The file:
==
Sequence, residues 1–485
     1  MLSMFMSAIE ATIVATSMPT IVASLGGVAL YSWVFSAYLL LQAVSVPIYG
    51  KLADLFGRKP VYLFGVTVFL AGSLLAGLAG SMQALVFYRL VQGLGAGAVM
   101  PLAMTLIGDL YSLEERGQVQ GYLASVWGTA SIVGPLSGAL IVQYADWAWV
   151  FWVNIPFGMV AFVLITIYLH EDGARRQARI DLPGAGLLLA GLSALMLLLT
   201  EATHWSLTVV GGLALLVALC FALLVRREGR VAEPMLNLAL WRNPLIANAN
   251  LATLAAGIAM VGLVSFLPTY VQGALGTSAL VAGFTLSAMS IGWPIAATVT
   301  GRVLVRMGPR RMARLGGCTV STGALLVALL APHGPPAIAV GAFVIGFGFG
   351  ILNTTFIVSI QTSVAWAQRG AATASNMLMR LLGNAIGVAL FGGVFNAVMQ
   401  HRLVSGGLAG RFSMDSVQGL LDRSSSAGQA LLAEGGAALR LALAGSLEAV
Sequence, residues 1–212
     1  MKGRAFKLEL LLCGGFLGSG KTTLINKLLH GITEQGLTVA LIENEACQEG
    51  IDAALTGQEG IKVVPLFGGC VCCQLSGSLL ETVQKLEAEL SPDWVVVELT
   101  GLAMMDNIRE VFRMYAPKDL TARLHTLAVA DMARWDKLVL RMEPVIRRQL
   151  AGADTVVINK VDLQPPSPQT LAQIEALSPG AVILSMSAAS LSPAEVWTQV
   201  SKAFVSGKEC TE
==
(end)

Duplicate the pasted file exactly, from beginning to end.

Sequence, residues 1–485
     1  MLSMFMSAIE ATIVATSMPT IVASLGGVAL YSWVFSAYLL LQAVSVPIYG
    51  KLADLFGRKP VYLFGVTVFL AGSLLAGLAG SMQALVFYRL VQGLGAGAVM
   101  PLAMTLIGDL YSLEERGQVQ GYLASVWGTA SIVGPLSGAL IVQYADWAWV
   151  FWVNIPFGMV AFVLITIYLH EDGARRQARI DLPGAGLLLA GLSALMLLLT
   201  EATHWSLTVV GGLALLVALC FALLVRREGR VAEPMLNLAL WRNPLIANAN
   251  LATLAAGIAM VGLVSFLPTY VQGALGTSAL VAGFTLSAMS IGWPIAATVT
   301  GRVLVRMGPR RMARLGGCTV STGALLVALL APHGPPAIAV GAFVIGFGFG
   351  ILNTTFIVSI QTSVAWAQRG AATASNMLMR LLGNAIGVAL FGGVFNAVMQ
   401  HRLVSGGLAG RFSMDSVQGL LDRSSSAGQA LLAEGGAALR LALAGSLEAV
Sequence, residues 1–212
     1  MKGRAFKLEL LLCGGFLGSG KTTLINKLLH GITEQGLTVA LIENEACQEG
    51  IDAALTGQEG IKVVPLFGGC VCCQLSGSLL ETVQKLEAEL SPDWVVVELT
   101  GLAMMDNIRE VFRMYAPKDL TARLHTLAVA DMARWDKLVL RMEPVIRRQL
   151  AGADTVVINK VDLQPPSPQT LAQIEALSPG AVILSMSAAS LSPAEVWTQV
   201  SKAFVSGKEC TE